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Coming from the much-coveted Detroit scene, and championed by the ring leaders The White Stripes, The Dirtbombs album 'Ultraglide In Black' manages to fuse Soulful vocals with bluesy-rock fuzz guitars...with some extremely pleasing results.
The band cover such soul classics as Stevie Wonder's 'Livin' for the City' and 'Kung Fu' by Curtis Mayfield, but in their own original style.
Well worth checking out, especially if you are a fan of other Detroit rockers The White Stripes or The Von Bondies.
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on 3 September 2002
OK it helps that the songs are all stone cold soul classics (plus an awesome cover of Thin Lizzys 'Ode To A Black Man') but this is quite simply the best rock and roll party album made in years.
Relax with your poison of choice, stick this on, and wonder what the fuss about the Hives and the White Stripes
is all about.
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on 23 January 2016
Play loud!
Play very loud!
Storming album - my favourite is Underdog a cover of the Sly and the Family Stone song.
The band brings an extra dimension to some songs but I was always more into rock than soul. Love that scuzzy guitar.
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on 8 December 2008
Along with the first 2 Black Keys albums, this effort got me back into rock music again 5 years ago. It's absolutely brilliant stuff, an album of garage rock covers of (mainly) old soul/funk tunes and it's unbelievable. It's gritty, raw and funky and has the most fantastic riffs. I can honestly say that when you hear an album like this and the band still remains largely unknown, then you have to despair at the modern music industry. I still listen to this regularly after owning if for a loooong time. Oh, if you can sit still during their version of Phil Lynott's 'Ode to a Black Man' (better than the original-not that I knew it until I heard the Dirtbombs rip it up) then you probably don't have a pulse.
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on 27 March 2007
This is a true undiscovered gem. I'm a fickle soul, always trying the newest bands, but this one hasn't left my CD player for two years. It is a great, high energy rock n soul album - by far their best.
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on 11 November 2013
I'd been meaning to buy this album for ages, as I'd heard and enjoyed their versions of Underdog and Chains of Love about 10 years ago, but Mick Collins' voice really leaves a lot to be desired on the other tracks, especially Got to Give It Up. It would be fine if he was trying for something different, vocally, to the originals, but it's hard to come off well playing Marvin Gaye or Stevie Wonder at their own games.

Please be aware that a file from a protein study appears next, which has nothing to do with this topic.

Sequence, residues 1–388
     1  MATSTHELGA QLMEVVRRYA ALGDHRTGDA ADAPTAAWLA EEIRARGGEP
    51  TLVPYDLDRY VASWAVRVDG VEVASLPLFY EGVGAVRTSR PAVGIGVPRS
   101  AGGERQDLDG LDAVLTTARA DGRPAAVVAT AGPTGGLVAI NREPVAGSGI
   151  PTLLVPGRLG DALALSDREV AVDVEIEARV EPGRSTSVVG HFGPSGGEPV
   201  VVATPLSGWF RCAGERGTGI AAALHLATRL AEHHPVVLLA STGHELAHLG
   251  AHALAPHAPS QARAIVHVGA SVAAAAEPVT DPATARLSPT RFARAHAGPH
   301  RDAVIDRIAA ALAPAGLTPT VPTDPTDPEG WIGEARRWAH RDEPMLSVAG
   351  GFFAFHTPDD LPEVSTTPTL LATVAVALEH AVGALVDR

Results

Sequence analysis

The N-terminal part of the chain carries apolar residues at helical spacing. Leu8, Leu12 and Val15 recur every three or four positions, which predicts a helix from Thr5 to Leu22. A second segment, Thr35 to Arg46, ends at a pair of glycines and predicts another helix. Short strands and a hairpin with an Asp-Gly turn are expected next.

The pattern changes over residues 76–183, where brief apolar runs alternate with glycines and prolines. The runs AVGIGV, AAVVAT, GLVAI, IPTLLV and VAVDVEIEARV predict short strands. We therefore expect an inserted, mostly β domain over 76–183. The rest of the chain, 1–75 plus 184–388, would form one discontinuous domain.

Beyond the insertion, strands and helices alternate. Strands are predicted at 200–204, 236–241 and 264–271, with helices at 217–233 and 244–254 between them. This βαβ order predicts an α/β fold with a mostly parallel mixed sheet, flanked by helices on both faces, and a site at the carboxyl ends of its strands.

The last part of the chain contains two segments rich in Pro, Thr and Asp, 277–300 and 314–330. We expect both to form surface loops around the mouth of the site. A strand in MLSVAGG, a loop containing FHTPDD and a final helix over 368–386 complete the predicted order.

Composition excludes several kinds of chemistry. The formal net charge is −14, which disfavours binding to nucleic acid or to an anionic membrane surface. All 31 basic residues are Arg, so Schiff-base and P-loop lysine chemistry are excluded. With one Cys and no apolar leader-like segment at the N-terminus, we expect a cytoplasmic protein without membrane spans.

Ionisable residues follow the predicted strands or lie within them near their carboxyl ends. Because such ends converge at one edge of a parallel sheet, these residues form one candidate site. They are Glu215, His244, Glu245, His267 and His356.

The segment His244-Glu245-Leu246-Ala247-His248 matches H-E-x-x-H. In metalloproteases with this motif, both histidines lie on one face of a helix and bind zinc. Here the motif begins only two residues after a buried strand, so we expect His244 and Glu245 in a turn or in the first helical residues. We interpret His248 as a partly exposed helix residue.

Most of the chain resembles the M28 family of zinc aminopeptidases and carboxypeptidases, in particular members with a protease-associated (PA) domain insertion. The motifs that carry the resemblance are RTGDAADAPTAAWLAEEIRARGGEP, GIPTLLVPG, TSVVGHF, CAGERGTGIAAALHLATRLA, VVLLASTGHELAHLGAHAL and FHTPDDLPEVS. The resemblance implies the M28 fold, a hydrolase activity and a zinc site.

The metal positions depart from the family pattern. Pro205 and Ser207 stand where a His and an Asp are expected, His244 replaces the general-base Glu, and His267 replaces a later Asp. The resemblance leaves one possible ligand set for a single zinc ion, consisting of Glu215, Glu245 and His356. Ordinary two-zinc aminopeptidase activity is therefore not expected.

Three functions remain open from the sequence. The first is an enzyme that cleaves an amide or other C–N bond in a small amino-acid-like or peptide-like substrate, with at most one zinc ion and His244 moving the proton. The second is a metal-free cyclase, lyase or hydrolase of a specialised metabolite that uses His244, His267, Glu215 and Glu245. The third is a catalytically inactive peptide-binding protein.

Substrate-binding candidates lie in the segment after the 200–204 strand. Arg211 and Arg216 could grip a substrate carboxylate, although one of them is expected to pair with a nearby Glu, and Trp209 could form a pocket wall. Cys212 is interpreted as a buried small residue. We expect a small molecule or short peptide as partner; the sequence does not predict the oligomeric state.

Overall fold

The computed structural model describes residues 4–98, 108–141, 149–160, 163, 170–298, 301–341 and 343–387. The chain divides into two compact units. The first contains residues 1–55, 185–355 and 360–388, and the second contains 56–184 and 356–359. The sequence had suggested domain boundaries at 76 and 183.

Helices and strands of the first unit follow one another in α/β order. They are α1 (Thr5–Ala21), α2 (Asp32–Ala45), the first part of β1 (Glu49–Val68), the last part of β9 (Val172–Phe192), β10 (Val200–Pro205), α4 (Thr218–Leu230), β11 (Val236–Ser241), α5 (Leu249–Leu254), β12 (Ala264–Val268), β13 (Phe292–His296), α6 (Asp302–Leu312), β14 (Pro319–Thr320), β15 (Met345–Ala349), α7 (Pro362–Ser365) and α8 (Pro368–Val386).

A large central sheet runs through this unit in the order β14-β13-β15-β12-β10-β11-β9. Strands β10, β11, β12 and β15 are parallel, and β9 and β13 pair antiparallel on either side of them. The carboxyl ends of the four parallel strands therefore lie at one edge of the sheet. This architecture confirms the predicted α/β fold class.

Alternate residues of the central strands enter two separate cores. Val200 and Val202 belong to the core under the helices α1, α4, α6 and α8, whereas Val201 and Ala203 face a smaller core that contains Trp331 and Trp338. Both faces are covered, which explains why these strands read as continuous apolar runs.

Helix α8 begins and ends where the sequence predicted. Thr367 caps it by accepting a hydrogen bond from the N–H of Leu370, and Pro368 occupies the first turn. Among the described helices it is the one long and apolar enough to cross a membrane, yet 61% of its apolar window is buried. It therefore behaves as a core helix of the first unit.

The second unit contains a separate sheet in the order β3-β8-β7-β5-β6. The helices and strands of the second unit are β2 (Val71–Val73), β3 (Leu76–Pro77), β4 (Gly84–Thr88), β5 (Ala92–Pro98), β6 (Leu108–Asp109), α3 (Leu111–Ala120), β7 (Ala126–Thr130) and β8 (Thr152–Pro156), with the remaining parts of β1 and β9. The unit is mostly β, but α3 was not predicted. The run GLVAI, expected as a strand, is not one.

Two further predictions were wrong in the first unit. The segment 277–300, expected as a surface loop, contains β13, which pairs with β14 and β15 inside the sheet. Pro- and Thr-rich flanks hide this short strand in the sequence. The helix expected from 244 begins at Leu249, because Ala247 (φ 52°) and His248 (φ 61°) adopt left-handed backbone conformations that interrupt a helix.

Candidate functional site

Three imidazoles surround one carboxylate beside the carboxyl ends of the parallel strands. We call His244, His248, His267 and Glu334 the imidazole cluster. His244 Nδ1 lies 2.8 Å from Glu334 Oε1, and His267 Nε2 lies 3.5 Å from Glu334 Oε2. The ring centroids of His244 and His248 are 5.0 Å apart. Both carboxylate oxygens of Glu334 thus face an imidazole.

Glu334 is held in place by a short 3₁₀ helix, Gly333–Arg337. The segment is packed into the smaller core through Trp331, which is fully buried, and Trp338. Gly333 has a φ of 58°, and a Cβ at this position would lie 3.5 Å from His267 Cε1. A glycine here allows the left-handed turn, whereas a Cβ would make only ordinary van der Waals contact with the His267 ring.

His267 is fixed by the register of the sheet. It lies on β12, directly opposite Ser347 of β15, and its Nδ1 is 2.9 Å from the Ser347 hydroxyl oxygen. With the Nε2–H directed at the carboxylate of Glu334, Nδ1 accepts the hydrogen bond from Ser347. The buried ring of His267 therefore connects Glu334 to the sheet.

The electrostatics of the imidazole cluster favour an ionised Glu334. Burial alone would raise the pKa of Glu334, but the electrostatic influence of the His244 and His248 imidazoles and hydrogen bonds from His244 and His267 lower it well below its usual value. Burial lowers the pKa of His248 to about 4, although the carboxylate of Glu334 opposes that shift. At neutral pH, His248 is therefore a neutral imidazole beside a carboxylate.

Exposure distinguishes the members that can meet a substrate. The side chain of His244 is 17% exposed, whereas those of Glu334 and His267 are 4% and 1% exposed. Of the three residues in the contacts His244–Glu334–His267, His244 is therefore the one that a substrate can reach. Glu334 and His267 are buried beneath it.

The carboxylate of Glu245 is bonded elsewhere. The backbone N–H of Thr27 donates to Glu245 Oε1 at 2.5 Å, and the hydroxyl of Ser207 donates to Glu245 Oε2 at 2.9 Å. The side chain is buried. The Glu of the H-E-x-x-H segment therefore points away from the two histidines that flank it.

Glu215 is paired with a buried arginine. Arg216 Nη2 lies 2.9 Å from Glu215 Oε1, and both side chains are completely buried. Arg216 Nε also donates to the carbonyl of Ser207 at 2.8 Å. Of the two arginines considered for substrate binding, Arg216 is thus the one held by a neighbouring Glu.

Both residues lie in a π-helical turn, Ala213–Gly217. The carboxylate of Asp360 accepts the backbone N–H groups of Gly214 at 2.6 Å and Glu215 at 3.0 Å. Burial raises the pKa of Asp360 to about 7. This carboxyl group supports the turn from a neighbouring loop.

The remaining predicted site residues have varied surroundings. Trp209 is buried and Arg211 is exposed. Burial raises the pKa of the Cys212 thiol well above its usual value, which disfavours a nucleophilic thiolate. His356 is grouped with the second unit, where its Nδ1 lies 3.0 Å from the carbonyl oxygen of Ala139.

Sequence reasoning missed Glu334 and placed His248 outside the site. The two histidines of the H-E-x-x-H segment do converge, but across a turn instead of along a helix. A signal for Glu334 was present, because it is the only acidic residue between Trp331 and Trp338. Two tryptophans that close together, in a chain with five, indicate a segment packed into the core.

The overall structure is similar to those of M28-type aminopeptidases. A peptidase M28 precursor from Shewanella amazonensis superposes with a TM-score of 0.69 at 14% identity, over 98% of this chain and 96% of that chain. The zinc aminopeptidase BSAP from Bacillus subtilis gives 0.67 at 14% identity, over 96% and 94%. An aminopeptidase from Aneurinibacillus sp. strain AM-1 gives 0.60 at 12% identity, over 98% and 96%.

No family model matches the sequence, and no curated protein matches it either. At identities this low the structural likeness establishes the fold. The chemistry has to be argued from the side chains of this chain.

It's like a friend has taken you to see his middling pub band (Livin' for the City is particularly guilty for turning crisp, driving funk into plodding pub dirge), but you can at least compliment his choice of songs. Change the subject tacfully if he asks you how well they played them.
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on 10 June 2014
At around the same time that the new garage rock scene of the early 00’s was being hyped and bands like White Stripes and Von Bondies plastered over magazine covers another Detroit band – born and happy to stay in the garage – The Dirtbombs put out this an album of covers (with one original) of sixties and seventies soul classics given a fuzzed up reinterpretation. Among the artists tackled are Barry White, Phil Lynott, Smokey Robinson, Parliament and Curtis Mayfield and all exude a tremendous sense of fun with the production clear but oh so warm, Jim Diamond's bass never afraid to take over and the vocals of big Mick Collins stand up well against the icons he’s covering. The stand out are a busy, effervesent take on Stevie Wonder’s “Livin’ For The City” and”Got To Give It Up” by Marvin Gaye which will have you reaching for the original that you’d never quite appreciated before now. Playing it simple and uncomplicated never sounded so good.
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